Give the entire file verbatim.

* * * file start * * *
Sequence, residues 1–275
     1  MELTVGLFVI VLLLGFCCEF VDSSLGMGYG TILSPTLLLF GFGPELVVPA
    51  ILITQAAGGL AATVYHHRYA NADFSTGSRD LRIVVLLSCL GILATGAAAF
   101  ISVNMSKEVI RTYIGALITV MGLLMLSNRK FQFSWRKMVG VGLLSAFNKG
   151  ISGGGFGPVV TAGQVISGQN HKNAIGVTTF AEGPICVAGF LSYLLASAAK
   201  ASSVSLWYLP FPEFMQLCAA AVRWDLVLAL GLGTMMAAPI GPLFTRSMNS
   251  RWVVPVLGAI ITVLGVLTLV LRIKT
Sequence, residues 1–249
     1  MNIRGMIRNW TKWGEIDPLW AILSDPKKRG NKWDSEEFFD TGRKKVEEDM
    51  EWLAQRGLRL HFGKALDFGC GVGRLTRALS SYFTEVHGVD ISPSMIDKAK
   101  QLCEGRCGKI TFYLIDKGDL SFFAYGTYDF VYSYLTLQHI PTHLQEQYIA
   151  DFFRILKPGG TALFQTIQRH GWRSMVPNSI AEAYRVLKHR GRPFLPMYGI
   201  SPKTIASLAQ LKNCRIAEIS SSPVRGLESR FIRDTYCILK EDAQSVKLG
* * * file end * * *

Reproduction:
Sequence, residues 1–275
     1  MELTVGLFVI VLLLGFCCEF VDSSLGMGYG TILSPTLLLF GFGPELVVPA
    51  ILITQAAGGL AATVYHHRYA NADFSTGSRD LRIVVLLSCL GILATGAAAF
   101  ISVNMSKEVI RTYIGALITV MGLLMLSNRK FQFSWRKMVG VGLLSAFNKG
   151  ISGGGFGPVV TAGQVISGQN HKNAIGVTTF AEGPICVAGF LSYLLASAAK
   201  ASSVSLWYLP FPEFMQLCAA AVRWDLVLAL GLGTMMAAPI GPLFTRSMNS
   251  RWVVPVLGAI ITVLGVLTLV LRIKT
Sequence, residues 1–249
     1  MNIRGMIRNW TKWGEIDPLW AILSDPKKRG NKWDSEEFFD TGRKKVEEDM
    51  EWLAQRGLRL HFGKALDFGC GVGRLTRALS SYFTEVHGVD ISPSMIDKAK
   101  QLCEGRCGKI TFYLIDKGDL SFFAYGTYDF VYSYLTLQHI PTHLQEQYIA
   151  DFFRILKPGG TALFQTIQRH GWRSMVPNSI AEAYRVLKHR GRPFLPMYGI
   201  SPKTIASLAQ LKNCRIAEIS SSPVRGLESR FIRDTYCILK EDAQSVKLG